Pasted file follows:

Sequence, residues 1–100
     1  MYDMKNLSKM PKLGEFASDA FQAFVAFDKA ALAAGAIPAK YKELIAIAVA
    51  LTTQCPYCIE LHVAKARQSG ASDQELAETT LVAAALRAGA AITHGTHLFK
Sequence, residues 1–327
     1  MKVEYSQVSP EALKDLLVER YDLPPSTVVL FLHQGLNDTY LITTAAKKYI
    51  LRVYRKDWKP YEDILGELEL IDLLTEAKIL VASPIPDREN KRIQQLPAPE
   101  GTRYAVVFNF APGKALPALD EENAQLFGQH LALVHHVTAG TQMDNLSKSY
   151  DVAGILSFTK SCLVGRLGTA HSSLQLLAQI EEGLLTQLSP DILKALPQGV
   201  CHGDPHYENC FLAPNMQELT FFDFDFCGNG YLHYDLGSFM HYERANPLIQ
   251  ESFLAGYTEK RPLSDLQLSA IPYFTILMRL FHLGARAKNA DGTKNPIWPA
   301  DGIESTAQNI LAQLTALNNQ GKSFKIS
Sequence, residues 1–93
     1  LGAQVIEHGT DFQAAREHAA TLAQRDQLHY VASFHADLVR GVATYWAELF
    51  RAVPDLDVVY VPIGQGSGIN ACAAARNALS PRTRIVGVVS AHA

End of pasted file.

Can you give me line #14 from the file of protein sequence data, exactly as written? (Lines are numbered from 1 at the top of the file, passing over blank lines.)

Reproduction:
    51  RAVPDLDVVY VPIGQGSGIN ACAAARNALS PRTRIVGVVS AHA